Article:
Musk awards $5mn to students for carbon removal
Billionaire Elon Musk's foundation has awarded $5mn to students across the world to fund research into CO2 monitoring and removal technologies.
The funds were awarded as a part of the Musk Foundation's larger XPRIZE competition, which will award $100mn to technology concepts for capturing CO2 from the atmosphere and oceans. Twenty three student-led teams have secured $5mn from the foundation as part of the Carbon Removal Student Competition, XPRIZE said on November 10.
The teams were asked to submit concepts for CO2 removal and measurement, reporting and verification (MRV) technologies. Those researching CO2 removal were awarded up to $250,000 each, while those investigating MRV were given $100,000. Teams were selected from Australia, Canada, China, Germany, India, Kenya, Malaysia, Spain, the UK and the US.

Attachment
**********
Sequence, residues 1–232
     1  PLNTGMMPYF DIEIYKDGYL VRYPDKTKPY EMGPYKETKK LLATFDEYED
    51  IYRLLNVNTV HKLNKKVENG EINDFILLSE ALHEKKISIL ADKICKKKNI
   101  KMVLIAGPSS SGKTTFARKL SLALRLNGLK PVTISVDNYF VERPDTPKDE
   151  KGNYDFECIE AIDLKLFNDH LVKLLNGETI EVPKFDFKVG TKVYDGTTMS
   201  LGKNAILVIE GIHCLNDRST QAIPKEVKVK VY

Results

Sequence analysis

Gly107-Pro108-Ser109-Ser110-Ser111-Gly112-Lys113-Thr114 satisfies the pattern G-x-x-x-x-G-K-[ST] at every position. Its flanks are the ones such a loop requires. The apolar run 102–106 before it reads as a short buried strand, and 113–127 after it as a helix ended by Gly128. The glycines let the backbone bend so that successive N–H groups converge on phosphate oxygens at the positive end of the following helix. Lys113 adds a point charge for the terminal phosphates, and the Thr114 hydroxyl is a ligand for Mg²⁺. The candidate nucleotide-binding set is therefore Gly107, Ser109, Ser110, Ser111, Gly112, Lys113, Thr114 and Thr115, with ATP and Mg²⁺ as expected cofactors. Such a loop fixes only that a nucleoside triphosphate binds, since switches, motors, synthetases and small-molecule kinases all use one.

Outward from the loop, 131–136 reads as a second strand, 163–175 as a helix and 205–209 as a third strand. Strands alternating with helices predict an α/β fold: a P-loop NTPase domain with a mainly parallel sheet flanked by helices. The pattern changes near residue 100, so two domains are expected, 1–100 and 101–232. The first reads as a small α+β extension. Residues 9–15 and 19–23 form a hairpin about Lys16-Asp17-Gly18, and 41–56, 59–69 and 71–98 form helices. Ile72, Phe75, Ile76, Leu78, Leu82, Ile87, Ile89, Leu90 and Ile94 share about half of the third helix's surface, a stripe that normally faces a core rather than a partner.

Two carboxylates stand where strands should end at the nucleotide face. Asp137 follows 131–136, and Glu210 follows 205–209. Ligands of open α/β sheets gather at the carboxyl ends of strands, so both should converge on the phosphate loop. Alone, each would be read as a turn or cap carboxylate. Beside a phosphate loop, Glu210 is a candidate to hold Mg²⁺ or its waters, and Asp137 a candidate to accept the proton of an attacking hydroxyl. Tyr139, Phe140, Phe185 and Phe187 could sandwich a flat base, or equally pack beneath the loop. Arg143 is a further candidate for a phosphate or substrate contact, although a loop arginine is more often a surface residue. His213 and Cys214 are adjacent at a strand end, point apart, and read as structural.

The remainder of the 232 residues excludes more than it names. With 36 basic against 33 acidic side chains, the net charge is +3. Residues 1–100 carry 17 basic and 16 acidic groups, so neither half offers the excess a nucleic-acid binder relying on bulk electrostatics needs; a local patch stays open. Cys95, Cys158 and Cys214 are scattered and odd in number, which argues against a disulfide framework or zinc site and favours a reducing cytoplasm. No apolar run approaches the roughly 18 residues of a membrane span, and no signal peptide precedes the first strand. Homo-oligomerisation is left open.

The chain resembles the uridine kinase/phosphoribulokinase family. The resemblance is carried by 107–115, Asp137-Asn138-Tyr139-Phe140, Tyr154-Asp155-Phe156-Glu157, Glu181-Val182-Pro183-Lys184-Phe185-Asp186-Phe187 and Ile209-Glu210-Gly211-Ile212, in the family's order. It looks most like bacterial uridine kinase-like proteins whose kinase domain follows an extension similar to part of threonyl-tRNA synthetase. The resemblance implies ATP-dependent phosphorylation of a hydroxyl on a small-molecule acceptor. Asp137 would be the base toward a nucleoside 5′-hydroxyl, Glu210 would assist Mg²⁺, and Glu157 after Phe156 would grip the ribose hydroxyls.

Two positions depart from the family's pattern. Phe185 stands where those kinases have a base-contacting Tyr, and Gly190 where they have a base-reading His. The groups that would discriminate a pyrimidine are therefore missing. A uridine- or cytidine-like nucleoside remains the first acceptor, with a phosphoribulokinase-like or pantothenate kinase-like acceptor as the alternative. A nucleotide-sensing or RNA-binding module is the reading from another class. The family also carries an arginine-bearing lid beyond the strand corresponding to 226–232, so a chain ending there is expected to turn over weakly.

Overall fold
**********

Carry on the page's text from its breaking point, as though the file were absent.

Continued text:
The teams can use the awarded funds to compete in future rounds of the $100mn competition or develop key supporting technologies for capturing CO2. To win the grand prize in the four-year contest, participants must demonstrate a means of capturing at least 1,000 metric tons/year of CO2 and provide model costs if its capacity is scaled up to 1mn mt/yr. They must also show a pathway for expanding the technology to a gigaton scale.
“We want to make a truly meaningful impact. Carbon negativity, not neutrality," Musk, who heads electric car developer Tesla and aerospace manufacturer SpaceX, said in a statement. "The ultimate goal is scalable carbon extraction technologies that are measured based on the ‘fully considered cost per ton’ which includes the environmental impact. This is not a theoretical competition; we want teams that will build real systems that can make a measurable impact and scale to a gigaton level. Whatever it takes. Time is of the essence."
This article first appeared in Gas Pathways, a platform dedicated to technology and innovation in the natural gas industry. Click here for more information.